[pypy-dev] Running Python in reverse

Alexander Schliep schliep at molgen.mpg.de
Fri Jan 7 12:04:10 CET 2005



Hi everyone,

Christian Tismer encouraged me to post the following directly to the
pypy mailing list.

My main Python project is Gato, a software for visualizing (or
animating) graph algorithms; see
http://gato.sourceforge.net/wiki/pmwiki.php/Main/Screenshots.  The
main ingredients of Gato are a debugger subclass, some GUI elements
and code for drawing graphs.

The goal is to have an interactive, dynamic version of the classical
comp.sci. text book, where, typically, some graph algorithm is given
as pseudo code and you see (at best) a before, during, and after
snapshot picture of its working on some graph.

Python is a perfectly fine replacement for pseudo code and the
execution and directly coupled visualization, which you can control
just like a debugger, convey much more than static pictures. Winfried
Hochstaettler, some university colleagues, and myself have used this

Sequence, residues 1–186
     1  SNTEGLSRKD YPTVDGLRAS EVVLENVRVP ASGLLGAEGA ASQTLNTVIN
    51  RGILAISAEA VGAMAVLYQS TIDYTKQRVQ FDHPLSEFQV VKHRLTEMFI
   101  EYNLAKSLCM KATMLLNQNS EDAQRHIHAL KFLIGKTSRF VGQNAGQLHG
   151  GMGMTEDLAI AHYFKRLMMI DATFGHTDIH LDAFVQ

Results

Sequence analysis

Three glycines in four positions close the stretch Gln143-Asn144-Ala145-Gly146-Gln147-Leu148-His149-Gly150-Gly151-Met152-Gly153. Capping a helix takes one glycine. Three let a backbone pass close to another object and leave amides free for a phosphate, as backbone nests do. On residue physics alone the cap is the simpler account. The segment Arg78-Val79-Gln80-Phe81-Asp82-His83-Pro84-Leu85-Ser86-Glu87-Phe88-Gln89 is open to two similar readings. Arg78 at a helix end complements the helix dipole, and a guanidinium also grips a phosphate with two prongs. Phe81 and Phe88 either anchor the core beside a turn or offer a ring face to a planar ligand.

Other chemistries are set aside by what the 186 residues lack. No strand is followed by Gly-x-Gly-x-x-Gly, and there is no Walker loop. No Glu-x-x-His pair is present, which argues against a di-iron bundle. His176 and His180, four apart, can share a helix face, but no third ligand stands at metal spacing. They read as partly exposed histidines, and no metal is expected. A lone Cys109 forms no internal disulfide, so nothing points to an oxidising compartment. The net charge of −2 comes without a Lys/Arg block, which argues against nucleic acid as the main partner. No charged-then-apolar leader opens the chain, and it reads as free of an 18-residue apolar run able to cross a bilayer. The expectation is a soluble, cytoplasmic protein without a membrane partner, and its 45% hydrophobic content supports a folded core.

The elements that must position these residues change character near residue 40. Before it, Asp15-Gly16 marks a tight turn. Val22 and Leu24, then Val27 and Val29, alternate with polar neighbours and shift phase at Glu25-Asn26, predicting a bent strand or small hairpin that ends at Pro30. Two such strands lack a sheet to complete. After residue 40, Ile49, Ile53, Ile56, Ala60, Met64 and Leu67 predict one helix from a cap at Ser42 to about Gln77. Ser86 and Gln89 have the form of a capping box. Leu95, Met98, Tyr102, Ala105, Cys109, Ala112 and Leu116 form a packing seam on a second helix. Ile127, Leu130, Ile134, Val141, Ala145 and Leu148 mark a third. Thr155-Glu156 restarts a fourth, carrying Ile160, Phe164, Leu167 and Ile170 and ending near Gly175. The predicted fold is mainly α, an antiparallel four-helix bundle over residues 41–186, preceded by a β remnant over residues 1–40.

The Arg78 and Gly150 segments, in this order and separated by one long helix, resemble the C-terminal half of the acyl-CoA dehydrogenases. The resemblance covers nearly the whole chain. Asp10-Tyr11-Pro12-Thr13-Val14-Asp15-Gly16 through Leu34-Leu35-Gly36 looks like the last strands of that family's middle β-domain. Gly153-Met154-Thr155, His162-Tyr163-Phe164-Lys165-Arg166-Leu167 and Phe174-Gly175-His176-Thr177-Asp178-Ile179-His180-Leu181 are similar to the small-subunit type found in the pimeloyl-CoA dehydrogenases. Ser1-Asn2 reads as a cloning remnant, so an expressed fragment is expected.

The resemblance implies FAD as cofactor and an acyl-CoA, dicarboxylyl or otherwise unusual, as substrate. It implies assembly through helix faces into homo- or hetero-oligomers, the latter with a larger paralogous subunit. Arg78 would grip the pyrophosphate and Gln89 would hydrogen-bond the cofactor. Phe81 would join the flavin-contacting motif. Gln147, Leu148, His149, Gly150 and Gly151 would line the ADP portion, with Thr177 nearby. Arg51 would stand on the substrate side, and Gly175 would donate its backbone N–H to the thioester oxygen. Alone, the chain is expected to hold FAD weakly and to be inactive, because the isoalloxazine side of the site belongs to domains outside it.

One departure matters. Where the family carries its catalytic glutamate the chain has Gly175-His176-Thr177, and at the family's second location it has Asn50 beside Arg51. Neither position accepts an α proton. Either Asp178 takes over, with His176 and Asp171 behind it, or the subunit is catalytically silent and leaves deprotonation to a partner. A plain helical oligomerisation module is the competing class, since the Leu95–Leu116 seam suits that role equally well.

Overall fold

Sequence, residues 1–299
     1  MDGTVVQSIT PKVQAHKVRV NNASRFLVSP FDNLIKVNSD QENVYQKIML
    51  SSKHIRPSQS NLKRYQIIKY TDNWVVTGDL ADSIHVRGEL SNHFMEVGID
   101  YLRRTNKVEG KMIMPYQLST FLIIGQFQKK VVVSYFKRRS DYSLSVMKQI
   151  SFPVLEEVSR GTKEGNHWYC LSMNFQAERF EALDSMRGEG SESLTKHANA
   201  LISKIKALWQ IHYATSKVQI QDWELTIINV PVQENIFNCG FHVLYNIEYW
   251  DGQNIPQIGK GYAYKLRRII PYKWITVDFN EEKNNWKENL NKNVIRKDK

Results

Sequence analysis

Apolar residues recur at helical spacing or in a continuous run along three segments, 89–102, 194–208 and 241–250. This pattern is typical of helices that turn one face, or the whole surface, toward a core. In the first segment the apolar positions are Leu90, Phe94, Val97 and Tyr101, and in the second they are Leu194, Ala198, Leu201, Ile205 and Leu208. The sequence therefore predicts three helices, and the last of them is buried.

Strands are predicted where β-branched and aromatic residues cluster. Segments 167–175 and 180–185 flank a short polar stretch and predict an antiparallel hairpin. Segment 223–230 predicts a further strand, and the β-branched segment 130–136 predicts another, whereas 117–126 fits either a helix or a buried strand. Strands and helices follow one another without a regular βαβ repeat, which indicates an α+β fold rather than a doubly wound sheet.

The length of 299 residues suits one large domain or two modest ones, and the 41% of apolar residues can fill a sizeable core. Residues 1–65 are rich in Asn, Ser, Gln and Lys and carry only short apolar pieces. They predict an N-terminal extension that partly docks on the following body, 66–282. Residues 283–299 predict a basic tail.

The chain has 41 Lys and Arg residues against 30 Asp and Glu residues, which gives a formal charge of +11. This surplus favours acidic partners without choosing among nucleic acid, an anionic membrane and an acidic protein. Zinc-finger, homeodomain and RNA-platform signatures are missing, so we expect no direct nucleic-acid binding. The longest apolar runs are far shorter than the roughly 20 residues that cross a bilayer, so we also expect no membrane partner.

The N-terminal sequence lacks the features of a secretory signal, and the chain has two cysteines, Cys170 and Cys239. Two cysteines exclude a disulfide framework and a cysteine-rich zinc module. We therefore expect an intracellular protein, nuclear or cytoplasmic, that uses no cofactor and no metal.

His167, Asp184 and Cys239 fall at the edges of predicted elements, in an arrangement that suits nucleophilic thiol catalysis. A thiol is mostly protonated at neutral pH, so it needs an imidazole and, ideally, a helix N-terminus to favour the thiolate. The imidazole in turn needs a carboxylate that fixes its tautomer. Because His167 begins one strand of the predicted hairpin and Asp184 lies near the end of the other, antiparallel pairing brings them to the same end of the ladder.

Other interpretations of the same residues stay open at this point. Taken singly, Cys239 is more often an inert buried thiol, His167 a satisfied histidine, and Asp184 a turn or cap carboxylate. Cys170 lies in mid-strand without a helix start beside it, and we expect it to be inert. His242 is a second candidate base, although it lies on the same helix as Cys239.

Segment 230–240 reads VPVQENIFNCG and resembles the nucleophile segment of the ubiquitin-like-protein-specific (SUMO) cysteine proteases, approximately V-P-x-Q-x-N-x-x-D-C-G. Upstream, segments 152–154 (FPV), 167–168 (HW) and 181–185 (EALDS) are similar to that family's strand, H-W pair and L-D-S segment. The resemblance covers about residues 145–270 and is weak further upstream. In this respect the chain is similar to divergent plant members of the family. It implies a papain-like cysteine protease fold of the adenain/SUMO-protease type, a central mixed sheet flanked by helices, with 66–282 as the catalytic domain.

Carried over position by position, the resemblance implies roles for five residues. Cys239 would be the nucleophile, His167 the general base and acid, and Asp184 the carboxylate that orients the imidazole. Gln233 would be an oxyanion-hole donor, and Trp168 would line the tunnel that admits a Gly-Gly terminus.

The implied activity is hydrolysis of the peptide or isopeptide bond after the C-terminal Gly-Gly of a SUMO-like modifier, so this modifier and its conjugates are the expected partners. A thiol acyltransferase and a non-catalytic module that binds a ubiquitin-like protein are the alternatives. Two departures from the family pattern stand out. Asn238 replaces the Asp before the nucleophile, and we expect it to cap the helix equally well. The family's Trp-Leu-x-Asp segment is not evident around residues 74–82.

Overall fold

for teaching discrete math, combinatorial optimization and
comp.sci.classes with quite favorable comments from everyone involved.

The number one request was always the ability to track back. I started
to implement an instant replay of the last visualization effect
(change of color, blink etc.) and started to think about a proper way
of supporting the ability to step back in time. This essentially boils
down to implementing one of the classical design patterns for
supporting unlimited undo (and redo), treating the visualization
effects as commands.

This decouples the state (values of all variables used) of the
algorithm from the state of the visualization, hence running the
algorithm after a couple of Undos is not possible (One could fake that
by Redoing everything and then continuing execution). Supporting an
update of all variables gets kind of messy in standard Python.

A cleaner approach would be to have a Python interpreter which can run
backwards. Christian thinks it would be feasible in PyPy.

This actually would be extremely nice for a number of applications
- teaching Python

- teaching algorithms with Python

- debugging in general

I am somewhat embarrassed to ask for a feature without much to offer.
But realistically, I cannot promise more than to be a tester and happy
user.

Best,
Alexander


PS: Gato is LGPL.  The algorithms we have are copyright Springer, as
we have a textbook & software package coming out this year.

PPS: There is a C-syntax-based tool which can run backwards:
http://www.dis.uniroma1.it/~demetres/Leonardo/Leonardo.html


--
schliep at molgen.mpg.de	                  http://algorithmics.molgen.mpg.de




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